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The "buffer stock scheme" is an economic term, referring to the use of commodity storage for economic stabilization. Specifically, commodities are bought and stored when there is a surplus in the economy and they are sold from these stores when there are shortages in the economy. The institutional buying, storing and selling of commodities by a large player (e.g. a government) can take place for one commodity or a "basket of commodities". The stock of commodities stored act as a buffer against price volatility. If a basket of commodities is stored, their price stabilization can in turn stabilize the overall price level.

Graphical example of a buffer stock scheme.

The graph to the right shows a buffer stock scheme, in the scenario a large organisation (such as government or group of companies) have set a minimum price for a certain product above equilibrium price (the point at which the supply and demand curves cross), which guarantees a minimum price to producers - encouraging them to produce more, thus creating the surplus. This surplus is stored to ensure the price of the product doesn't fluctuate.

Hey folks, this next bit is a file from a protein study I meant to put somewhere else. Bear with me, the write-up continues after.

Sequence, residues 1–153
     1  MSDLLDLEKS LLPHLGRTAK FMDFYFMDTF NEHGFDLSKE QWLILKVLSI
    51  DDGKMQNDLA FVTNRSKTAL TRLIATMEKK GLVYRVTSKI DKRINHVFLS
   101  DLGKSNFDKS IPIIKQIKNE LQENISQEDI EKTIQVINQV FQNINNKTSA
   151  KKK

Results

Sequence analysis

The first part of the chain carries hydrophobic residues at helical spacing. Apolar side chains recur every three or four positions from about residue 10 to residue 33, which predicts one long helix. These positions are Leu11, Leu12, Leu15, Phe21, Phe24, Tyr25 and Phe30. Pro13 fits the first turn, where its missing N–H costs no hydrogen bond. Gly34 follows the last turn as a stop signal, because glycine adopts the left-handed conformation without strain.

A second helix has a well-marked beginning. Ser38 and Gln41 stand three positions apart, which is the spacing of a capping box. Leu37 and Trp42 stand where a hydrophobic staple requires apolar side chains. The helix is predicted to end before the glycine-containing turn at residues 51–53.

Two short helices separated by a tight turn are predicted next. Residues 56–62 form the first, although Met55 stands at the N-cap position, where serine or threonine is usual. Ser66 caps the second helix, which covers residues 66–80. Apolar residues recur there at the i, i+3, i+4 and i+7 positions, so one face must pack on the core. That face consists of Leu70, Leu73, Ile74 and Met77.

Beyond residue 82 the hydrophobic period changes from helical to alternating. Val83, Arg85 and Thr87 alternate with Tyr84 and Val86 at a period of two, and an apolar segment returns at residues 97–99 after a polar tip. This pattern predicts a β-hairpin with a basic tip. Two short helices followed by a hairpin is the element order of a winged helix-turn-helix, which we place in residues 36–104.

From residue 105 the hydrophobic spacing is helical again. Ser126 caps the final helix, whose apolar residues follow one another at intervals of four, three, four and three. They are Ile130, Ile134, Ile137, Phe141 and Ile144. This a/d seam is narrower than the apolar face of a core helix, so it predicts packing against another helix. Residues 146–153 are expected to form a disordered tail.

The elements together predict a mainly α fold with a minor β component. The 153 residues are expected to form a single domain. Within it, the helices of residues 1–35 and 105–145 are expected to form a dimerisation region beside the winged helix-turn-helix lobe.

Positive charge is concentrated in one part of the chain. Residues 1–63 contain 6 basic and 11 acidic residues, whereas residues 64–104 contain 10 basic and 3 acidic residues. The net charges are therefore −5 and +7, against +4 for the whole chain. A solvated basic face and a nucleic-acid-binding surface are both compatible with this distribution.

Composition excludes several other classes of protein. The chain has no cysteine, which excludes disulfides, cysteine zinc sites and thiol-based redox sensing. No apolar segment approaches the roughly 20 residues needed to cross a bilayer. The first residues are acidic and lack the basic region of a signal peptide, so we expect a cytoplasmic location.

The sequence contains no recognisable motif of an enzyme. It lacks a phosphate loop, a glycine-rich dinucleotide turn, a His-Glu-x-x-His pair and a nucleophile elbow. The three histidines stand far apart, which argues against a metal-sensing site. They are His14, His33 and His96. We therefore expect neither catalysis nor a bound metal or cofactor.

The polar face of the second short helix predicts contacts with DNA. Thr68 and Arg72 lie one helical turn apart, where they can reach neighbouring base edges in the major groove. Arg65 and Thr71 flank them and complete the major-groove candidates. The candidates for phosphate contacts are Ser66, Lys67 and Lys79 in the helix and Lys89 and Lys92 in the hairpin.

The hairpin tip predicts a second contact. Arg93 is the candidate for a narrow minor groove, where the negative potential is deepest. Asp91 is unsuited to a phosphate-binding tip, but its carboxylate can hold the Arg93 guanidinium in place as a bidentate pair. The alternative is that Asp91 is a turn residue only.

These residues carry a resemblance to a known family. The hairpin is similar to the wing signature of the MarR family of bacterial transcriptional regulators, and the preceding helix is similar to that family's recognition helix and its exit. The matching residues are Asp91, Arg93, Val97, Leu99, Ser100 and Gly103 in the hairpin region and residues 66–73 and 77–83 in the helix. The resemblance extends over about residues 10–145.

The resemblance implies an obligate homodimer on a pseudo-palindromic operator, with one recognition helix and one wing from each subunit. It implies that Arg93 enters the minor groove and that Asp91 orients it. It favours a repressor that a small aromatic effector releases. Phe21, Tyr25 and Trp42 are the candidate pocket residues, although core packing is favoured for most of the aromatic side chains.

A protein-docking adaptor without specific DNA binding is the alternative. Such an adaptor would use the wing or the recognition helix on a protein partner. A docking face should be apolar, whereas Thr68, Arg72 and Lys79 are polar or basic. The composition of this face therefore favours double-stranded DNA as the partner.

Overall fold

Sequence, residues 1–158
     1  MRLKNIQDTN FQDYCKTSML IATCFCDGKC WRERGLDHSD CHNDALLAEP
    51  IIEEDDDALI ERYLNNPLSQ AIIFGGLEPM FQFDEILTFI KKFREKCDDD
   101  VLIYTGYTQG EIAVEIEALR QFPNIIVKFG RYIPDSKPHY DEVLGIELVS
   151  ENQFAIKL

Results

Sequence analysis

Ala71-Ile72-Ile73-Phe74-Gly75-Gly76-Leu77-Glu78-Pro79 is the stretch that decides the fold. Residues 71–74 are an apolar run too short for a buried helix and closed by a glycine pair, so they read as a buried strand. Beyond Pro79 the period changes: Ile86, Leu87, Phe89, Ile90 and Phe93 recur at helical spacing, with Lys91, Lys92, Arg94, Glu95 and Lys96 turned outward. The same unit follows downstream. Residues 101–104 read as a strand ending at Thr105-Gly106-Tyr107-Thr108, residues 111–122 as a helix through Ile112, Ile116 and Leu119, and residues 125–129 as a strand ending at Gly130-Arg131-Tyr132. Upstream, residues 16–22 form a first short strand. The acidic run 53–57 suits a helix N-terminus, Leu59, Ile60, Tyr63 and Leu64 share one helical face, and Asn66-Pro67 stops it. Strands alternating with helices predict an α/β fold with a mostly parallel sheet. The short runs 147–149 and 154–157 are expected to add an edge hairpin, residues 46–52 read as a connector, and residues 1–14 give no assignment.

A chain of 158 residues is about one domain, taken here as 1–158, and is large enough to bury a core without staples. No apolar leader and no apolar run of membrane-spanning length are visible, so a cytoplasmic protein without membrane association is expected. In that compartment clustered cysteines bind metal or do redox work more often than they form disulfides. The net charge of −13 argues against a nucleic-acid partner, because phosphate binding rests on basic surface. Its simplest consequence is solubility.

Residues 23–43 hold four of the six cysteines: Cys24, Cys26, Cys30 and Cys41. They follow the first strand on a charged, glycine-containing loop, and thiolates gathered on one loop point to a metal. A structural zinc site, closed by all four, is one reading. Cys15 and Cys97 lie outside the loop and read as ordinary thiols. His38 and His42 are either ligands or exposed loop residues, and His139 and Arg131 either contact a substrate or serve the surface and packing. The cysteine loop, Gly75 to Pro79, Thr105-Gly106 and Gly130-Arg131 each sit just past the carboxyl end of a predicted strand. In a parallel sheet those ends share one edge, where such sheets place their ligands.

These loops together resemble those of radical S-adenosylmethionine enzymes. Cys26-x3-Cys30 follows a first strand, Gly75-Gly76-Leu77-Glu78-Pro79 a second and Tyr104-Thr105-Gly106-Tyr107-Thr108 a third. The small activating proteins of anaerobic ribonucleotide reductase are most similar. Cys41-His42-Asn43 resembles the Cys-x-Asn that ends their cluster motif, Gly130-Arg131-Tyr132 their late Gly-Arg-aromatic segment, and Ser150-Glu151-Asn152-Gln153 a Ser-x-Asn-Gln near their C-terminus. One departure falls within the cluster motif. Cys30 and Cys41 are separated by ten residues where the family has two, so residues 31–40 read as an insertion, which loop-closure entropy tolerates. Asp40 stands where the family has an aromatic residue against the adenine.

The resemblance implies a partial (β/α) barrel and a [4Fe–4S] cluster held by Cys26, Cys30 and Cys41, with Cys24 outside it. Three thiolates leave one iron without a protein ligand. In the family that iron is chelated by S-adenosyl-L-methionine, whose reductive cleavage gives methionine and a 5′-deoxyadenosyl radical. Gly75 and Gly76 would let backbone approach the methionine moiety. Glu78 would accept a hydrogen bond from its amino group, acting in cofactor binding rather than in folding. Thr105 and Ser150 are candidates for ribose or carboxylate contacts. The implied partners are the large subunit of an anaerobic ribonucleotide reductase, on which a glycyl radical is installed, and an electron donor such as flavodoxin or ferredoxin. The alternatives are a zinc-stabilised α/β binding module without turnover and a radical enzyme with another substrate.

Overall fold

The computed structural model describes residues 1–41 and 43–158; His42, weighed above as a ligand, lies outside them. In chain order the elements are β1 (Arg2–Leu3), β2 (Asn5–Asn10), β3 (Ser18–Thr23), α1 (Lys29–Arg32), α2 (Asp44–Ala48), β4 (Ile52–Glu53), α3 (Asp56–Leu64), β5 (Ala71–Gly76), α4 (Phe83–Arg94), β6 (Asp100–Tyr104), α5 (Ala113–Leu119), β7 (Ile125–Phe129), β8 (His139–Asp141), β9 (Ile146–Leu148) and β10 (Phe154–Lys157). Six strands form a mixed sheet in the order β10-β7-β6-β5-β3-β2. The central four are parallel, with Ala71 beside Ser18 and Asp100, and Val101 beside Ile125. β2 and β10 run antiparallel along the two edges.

Why does it stop price fluctuation? The surplus is stored until it is needed, if demand for the product rises (usually increasing the price of the product due to market forces) the surplus is put into the market, stopping (or lessening) the effect of demand - ultimately keeping the price stable.

History

First implemented in China under the Song Dynasty.
N.B Many agricultural schemes have been implemented over the years although many have collapsed. Rubber and timber schemes have also been created in order to guarantee prices for the producers.


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